“I am just floored by this,” Jo Farrell, now 83, told The Denver Post eight years ago when the allegations first surfaced.
“I was floored,” says neurosurgeon Paulo Niemeyer, who had contacted Batista for the event.
Lipsyte was floored that Talese would place that kind of bet on a young writer, and he stayed at the Times.
We are hip to your covert, altruistic acts, but there are many close to you who will be floored by your stealthy, saintly ways.
Republicans will be floored if Obama proposes serious entitlement reform.
It was a bare place, a shed which had been a stable and was now floored and ceiled.
He doesn't measure his cups, but he would scorn to be floored by them.
She kicked him between the eyes this time—a blow that floored him.
They are floored with wooden slats and roofed with tar paper.
Over other depressions or ravines, close by here, were long to be seen some platforms or floored areas of stout plank.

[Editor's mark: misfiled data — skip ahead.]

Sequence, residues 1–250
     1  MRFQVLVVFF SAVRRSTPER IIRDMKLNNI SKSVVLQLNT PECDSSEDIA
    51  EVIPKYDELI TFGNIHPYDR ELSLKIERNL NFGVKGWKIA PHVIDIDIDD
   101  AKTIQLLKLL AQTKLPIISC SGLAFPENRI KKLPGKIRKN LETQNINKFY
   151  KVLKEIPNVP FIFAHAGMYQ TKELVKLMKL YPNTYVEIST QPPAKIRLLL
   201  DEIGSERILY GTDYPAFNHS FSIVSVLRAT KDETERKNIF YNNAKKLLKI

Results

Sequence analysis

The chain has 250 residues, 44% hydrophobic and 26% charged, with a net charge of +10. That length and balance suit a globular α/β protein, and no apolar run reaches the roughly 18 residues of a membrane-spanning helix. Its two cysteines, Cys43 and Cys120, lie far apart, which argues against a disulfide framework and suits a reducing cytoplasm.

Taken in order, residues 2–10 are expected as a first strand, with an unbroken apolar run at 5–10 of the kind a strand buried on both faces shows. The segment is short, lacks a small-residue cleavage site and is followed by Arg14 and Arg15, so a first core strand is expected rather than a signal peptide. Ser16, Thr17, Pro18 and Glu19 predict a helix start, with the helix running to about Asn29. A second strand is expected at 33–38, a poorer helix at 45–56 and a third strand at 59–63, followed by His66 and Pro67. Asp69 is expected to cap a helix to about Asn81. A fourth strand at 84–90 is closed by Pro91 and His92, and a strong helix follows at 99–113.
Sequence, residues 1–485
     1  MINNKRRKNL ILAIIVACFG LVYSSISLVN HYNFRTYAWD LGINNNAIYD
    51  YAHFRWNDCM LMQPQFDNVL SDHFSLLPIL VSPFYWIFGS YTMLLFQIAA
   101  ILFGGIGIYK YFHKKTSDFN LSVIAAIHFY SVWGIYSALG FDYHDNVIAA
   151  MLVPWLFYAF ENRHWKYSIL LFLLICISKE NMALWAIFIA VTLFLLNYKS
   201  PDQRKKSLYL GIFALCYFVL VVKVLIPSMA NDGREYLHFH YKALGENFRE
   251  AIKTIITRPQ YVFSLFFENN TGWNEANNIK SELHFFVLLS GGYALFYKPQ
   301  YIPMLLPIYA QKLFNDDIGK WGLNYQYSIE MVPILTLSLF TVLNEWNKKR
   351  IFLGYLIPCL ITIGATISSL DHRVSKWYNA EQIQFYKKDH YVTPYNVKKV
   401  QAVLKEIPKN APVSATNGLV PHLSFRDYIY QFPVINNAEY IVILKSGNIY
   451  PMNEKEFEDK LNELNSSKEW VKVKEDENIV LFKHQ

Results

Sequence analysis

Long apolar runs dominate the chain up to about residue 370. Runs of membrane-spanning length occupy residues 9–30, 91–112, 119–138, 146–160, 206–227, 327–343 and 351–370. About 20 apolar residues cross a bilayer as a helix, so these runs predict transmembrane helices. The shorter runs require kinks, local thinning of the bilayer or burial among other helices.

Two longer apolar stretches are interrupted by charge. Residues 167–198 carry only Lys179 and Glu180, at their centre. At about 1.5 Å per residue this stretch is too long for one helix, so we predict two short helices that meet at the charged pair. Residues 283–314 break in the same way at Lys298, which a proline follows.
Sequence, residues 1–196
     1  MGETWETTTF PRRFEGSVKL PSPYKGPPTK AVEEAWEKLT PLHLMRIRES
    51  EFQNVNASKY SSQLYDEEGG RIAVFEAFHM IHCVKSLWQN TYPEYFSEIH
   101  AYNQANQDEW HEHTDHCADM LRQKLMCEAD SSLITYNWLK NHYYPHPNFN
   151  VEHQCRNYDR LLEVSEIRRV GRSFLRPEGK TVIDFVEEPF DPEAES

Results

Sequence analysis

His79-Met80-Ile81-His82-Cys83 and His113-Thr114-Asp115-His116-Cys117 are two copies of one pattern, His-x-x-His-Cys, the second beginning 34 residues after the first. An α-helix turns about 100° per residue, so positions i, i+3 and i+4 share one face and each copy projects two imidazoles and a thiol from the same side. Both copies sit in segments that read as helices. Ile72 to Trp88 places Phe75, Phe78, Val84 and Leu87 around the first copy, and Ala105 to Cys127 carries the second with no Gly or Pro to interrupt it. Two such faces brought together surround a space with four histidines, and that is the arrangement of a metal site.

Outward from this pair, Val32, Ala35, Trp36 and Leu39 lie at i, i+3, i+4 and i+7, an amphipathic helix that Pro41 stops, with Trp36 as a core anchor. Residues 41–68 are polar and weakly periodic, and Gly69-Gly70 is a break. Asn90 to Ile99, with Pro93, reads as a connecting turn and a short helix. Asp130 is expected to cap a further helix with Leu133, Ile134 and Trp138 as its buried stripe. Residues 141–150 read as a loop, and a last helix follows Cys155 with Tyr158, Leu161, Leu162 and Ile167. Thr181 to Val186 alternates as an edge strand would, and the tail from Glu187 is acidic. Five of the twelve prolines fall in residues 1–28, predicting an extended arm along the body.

Old English flor "floor, pavement, ground, bottom (of a lake, etc.)," from Proto-Germanic *floruz "floor" (cf. Middle Dutch and Dutch vloer, Old Norse flor "floor," Middle High German vluor, German Flur "field, meadow"), from PIE *plaros "flat surface" (cf. Welsh llawr "ground"), enlarged from *pele- (2) "flat, to spread" (see plane (n.1)).
Meaning "level of a house" is from 1580s. The figurative sense in legislative assemblies (as opposed to the platform) is first recorded 1774. Spanish suelo "floor" is from Latin solum "bottom, ground, soil;" German Boden is cognate with English bottom. Floor plan attested from 1867.